$100 3D Peachy Printer is a Canadian Kickstarter Project

3D printing is a little like Hansen: so hot right now. (That's a Zoolander reference, for those of you who are a little lost right now.) As they become more popular, prices for 3D printers are dropping but still range anywhere from a few hundred to several thousand dollars, which means that they still aren't all available to all demographics. Thankfully, there are some (Canadian!) groups working on making them more accessible and affordable for all.

A few months ago I told you about a local Indiegogo campaign raising funds to purchase community 3D printers that could be brought to schools and community centres, particularly in lower income areas in order to teach students and youth about the technology. (They were successful, BTW.)

And now there is a Canadian KickStarter campaign (based in Saskatchewan) aiming to produce Peachy, an affordable easy-to-use 3D printer.
We want to lower the cost and difficulty of 3D Printing to a point where it's accessible to the masses. We want the 3D Printer to become a household item. We want 3D printing to become a common part of life. We want you to have the choice: Should I buy it or should I make it?

With a Peachy Printer (scanner) on your desk, you can choose to make it. This is the world's most affordable 3D printer!
Aw, that's nice. Right? Just think: the possibility of printing custom Lego pieces is even closer... ;)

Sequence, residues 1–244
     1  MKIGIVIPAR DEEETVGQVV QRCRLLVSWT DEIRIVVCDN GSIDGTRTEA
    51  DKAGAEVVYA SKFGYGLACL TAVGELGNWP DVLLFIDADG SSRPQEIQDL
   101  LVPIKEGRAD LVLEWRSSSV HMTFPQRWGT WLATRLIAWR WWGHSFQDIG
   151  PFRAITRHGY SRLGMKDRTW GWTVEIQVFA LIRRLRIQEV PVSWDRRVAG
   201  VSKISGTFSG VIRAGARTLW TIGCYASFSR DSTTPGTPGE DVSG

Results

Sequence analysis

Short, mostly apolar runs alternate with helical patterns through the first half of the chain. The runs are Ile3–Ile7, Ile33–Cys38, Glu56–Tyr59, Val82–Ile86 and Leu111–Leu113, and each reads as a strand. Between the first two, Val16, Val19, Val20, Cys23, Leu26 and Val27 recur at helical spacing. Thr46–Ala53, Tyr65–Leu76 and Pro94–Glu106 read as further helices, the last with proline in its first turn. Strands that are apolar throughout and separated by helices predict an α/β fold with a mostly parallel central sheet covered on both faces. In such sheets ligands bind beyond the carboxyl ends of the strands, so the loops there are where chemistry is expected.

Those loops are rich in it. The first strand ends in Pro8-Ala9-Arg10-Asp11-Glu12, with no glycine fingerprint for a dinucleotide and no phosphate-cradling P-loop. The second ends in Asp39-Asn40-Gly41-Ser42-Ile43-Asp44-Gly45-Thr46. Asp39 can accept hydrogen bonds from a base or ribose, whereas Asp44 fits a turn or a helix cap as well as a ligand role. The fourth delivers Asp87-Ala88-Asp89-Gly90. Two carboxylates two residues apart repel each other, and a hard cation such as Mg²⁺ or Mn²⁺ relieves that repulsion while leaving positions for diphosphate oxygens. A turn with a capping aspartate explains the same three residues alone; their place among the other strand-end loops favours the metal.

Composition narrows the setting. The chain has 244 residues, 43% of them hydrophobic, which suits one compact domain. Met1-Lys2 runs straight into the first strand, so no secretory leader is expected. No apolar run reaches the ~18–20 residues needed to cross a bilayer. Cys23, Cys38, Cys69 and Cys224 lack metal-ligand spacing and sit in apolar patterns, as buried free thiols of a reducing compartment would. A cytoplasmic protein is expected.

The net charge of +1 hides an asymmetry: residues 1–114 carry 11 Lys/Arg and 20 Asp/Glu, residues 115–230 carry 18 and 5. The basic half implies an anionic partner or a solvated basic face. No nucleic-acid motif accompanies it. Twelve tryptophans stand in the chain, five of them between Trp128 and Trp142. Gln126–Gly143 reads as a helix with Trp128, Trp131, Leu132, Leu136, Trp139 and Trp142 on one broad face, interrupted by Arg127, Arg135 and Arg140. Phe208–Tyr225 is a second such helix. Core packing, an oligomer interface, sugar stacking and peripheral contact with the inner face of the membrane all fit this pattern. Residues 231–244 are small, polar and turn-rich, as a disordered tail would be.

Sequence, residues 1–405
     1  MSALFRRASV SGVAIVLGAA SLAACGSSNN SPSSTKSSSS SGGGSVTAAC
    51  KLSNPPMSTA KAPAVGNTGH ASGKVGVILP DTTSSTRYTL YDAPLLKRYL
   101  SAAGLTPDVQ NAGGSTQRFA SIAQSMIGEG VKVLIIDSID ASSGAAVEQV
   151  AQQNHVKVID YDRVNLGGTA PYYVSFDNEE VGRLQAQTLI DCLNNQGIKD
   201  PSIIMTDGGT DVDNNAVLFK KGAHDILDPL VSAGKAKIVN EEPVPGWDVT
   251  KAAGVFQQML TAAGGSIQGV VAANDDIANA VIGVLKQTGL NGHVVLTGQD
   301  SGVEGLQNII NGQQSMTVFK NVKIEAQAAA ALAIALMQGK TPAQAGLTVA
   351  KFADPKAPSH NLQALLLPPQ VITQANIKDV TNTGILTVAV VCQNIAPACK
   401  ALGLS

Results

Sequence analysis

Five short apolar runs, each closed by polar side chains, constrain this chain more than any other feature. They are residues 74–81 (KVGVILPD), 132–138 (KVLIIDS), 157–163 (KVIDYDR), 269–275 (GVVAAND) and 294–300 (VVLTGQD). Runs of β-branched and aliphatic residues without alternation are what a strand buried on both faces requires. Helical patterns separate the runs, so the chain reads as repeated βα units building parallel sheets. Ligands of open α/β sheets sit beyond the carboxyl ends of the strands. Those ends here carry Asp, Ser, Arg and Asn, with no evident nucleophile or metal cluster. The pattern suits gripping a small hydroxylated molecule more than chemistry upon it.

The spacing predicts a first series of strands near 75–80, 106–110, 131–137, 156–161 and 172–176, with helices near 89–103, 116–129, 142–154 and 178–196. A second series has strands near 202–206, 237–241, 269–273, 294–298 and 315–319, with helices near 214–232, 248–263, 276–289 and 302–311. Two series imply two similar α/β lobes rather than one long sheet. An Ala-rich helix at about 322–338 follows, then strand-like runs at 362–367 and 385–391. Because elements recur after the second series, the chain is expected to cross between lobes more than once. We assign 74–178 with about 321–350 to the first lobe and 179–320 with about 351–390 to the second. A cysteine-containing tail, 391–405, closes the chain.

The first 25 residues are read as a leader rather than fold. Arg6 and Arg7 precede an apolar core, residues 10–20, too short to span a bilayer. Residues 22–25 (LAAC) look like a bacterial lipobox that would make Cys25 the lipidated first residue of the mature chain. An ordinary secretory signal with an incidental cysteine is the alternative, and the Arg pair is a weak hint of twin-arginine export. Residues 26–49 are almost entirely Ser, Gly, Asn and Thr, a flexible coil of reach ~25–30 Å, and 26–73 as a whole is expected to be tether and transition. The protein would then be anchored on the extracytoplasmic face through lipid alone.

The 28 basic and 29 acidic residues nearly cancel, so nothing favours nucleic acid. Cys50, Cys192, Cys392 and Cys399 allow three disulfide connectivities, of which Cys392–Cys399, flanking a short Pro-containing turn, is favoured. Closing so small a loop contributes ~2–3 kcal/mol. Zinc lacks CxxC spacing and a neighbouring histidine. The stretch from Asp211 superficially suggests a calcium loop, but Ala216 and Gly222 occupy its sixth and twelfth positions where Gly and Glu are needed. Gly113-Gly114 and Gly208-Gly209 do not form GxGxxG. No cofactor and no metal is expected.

Now, look at this thing. Here's the main mechanism:

(Credit: Peachy Printer How It Works video)

And the fully assembled printer:
(Credit: Peachy Printer How It Works video)

It doesn't look like any other 3D printer I've seen. Turns out, it's actually a feat of engineering: 
  • First of all, the mechanism is really small and the resulting printer has a pretty small footprint. 
  • Secondly, it's programmed using Blender such that some of the functions work off the headphone jack of your computer! Check this out: the data from your 3D model is translated into an audio file (WAV file). This audio is then played to the printer via your headphone jack in order to control a couple of mirrors which control the laser beam that melts the resin. 
  • Thirdly, the resin sits atop salt water, and a flow system increases the level of water, pushing up the resin until the item being printed is full height. The flow is also controlled using audio.
I have yet to see another water-based 3D printer. Let alone audio controlled. The whole concept is pretty incredible, IMHO.

And apparently, scalable. According to the product description:
The Peachy Printer currently has no set limit on build volume, however we haven't given this adequate testing. Like the beam of a flashlight, the print volume gets larger over distance. We plan to push the boundaries of the Peachy to see just how big we can print... One of our goals is to print a full size (16') canoe!
Check out the video below to find out more. The campaign is only a few days old and has already more than doubled its initial goal of $50,000. With 4 weeks to go, I wonder how much they'll raise in total? (Interestingly, they also have an Indiegogo campaign which launched on the same day, but it hasn't taken off.)

Take a look at how it works, and then head over to the Peachy Printer Kickstarter page or official website for more info. I really hope they manage to produce them.

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